Now that we have the foundation set, how do we go about devising an Employer Branding strategy?

  • First, identify the talent need for business to succeed.

    Get familiar with the organization’s attributes, culture and values. Gain an understanding of what the objectives are and what talent is required to accomplish this.

  • Then, assess the current status of the Employer Brand.

    One might know how the products and services fare in the marketplace, but may not be aware of what prospective employees think and feel about the Employer Brand. Conduct surveys, internal and external, analyzing online reviews and social media searches are some ways one can gather perception of the Brand.

  • Employer Value Proposition (EVP).

    This is the true essence of Employer Branding and majority of the brainstorming and efforts need to be centered here. After all, this is the messaging one drafts to attract talent. Why does one particular Brand / organization stand out from the rest? What truly is the USP? Mention attributes that resonate with organization culture, mission, vision and values. Do you want to be known as an innovation pioneer or someone with an altruistic purpose in the world seen at changing lives? Get creative, but most importantly be authentic and genuine. Keep the target audience / prospective candidates in mind while drafting the EVP.

  • Move on to the next stage. Develop the Employer Brand activation plan.

    Build engagement amongst current employees. Prospective employees are 3X more likely to research existing employees and get their feelers than listen to what the CEO has to say about the organization. With the advent of social and digital media and Gen Y, Gen Z’s most preferred medium of communication, leverage Social Media messaging to gain maximum benefits.

    Encourage current employees to update their Social Media profiles and get active professionally on professional networks. Prospective candidates always research employees while scouting for positions at organizations.

  • Finally, as with any activity it is always important to track, measure and evolve your strategy.
    How does one do so for Social Media you may ask?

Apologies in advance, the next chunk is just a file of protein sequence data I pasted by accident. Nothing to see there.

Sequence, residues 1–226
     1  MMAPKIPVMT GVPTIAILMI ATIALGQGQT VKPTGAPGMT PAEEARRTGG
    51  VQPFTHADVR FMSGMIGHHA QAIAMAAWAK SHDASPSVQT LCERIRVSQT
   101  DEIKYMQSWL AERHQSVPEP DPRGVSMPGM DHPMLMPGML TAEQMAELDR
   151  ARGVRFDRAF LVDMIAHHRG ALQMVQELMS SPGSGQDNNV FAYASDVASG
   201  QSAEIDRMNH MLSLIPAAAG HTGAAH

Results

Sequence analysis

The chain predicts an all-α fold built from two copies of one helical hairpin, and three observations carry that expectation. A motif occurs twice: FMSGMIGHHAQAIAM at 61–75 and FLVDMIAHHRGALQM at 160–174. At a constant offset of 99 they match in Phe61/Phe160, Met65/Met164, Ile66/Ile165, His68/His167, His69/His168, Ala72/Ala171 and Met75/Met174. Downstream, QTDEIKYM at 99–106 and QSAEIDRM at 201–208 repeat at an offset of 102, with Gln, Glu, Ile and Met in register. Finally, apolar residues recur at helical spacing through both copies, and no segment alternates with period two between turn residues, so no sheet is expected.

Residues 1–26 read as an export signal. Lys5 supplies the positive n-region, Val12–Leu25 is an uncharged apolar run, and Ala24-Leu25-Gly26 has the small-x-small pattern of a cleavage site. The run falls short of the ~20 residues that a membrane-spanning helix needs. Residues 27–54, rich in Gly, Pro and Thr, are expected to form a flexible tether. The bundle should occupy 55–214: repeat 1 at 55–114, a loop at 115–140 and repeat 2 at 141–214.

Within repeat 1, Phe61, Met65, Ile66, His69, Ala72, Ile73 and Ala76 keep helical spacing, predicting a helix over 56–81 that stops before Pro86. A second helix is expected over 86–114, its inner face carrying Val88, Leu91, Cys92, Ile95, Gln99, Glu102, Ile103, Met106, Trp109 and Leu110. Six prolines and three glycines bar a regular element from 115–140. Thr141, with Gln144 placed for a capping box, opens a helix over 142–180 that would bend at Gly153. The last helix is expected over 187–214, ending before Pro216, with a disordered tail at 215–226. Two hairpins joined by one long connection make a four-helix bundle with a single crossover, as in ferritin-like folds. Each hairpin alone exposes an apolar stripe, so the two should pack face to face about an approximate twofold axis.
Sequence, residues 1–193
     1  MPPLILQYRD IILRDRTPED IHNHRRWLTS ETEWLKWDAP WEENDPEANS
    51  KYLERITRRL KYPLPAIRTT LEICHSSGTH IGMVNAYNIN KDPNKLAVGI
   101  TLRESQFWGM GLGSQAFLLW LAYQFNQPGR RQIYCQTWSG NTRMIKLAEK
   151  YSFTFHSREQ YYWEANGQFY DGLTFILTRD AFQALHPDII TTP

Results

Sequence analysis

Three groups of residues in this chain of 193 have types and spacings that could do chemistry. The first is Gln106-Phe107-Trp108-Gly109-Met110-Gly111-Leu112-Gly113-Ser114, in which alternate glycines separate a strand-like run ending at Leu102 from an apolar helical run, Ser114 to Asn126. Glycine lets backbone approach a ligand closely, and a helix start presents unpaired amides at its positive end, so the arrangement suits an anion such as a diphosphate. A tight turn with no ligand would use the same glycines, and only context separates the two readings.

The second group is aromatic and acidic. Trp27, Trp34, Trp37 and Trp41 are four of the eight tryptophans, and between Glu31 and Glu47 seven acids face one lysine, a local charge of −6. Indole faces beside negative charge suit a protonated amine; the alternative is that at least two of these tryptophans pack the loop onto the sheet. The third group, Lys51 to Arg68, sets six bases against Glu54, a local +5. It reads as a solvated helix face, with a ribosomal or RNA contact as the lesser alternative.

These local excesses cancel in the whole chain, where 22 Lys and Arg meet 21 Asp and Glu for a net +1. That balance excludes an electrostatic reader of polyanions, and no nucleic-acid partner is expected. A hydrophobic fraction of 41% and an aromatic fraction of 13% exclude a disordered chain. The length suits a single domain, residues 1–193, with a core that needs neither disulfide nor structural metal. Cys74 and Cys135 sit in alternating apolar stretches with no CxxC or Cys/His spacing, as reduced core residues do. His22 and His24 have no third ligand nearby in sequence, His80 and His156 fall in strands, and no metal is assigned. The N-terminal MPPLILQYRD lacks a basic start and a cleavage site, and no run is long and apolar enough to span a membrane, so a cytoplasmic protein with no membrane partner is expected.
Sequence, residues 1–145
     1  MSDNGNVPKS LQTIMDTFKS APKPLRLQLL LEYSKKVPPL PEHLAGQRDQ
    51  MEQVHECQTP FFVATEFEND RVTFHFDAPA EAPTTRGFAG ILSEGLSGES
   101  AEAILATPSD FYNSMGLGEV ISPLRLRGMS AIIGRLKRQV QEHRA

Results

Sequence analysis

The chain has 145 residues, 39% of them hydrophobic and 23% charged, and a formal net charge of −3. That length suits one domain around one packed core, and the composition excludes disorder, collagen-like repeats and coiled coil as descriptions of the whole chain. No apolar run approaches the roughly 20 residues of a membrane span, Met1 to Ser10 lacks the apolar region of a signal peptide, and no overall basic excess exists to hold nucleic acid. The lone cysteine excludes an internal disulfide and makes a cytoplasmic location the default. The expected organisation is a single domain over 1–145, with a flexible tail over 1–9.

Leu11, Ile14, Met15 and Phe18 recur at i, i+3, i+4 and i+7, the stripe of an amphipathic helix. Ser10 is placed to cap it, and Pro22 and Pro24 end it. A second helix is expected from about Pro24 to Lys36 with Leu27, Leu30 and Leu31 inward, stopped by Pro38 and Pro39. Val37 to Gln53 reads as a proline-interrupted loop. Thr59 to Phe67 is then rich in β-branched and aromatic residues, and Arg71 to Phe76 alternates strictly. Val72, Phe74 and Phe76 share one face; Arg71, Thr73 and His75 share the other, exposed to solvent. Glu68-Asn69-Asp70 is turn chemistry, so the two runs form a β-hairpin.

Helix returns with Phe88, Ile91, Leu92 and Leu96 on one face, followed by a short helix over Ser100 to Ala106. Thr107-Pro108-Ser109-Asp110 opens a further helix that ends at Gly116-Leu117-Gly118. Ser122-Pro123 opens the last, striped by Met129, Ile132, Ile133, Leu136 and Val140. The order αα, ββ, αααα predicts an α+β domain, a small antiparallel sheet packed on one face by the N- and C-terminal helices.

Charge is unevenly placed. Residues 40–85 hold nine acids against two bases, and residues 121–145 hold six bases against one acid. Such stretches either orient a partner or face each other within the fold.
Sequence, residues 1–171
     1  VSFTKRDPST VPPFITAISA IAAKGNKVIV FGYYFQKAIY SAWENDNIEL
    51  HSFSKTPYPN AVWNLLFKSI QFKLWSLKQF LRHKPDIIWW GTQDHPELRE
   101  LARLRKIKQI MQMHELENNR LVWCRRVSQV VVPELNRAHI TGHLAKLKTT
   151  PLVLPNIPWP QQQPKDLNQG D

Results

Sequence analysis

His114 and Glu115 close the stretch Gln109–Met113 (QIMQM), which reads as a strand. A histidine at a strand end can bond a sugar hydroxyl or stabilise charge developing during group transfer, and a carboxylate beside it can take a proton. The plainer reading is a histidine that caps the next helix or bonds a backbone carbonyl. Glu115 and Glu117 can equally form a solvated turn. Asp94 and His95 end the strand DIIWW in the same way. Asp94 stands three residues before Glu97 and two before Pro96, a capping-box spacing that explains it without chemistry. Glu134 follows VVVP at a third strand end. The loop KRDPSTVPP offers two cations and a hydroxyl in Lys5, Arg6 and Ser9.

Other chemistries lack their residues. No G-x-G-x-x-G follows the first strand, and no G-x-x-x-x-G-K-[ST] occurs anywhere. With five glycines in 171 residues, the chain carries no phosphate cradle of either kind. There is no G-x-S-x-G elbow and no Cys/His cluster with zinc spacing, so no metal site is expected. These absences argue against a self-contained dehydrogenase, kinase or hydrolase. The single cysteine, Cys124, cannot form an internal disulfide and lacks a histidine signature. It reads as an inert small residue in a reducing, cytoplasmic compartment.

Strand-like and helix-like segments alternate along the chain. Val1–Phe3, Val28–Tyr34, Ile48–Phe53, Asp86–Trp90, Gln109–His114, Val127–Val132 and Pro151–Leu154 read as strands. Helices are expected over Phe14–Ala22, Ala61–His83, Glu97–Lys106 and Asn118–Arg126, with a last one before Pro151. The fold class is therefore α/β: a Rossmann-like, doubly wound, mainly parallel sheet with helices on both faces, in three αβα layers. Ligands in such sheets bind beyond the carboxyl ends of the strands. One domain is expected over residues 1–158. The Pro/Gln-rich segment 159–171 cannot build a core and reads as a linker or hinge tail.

Simple. Track the digital footprint of your activity. Say you have posted an article, job position.

    Measure the reach and frequency. How many saw the advertisement / post?
    Engagement. How many liked or shared the content?
    Clicks. How many clicked to read more?
    Applications. How many were interested and sent their profiles?
    Media cost per hire. How much did one pay for the engagement?

While just curating a great Employer Brand will not solve talent issues, it is a jigsaw piece in a larger puzzle of organizations building stronger cultures, investing in new technologies and creating workspaces (virtual!) that can attract the new generation of hot talent.

As Scott Cook co-founder of Intuit puts it, “A brand is no longer what we tell the consumer it is – it is what the consumers tell each other it is”.

References:

  1. Attracting and retaining the right talent – McKinsey Nov 2017
  2. 2020 Outlook: The Future of Employer Branding – Universum

–By Sushree Patnaik [Deputy Manager – Human Resources, Robert Bosch Engineering and Business Solutions Pvt. Ltd.]

Authors bio:

Sushree is an HR professional with ~10 years of experience in the HR domain. She has essayed the role of an HR Business Partner in her earlier stints in TCS, L&T and Thermax Ltd. In her current role at Bosch, she works on HR Digitalization, Analytics and Talent Management.

When work is not keeping her busy, she enjoys Netflix and reading. If not an HR professional, she would have probably become a journalist given her love for writing!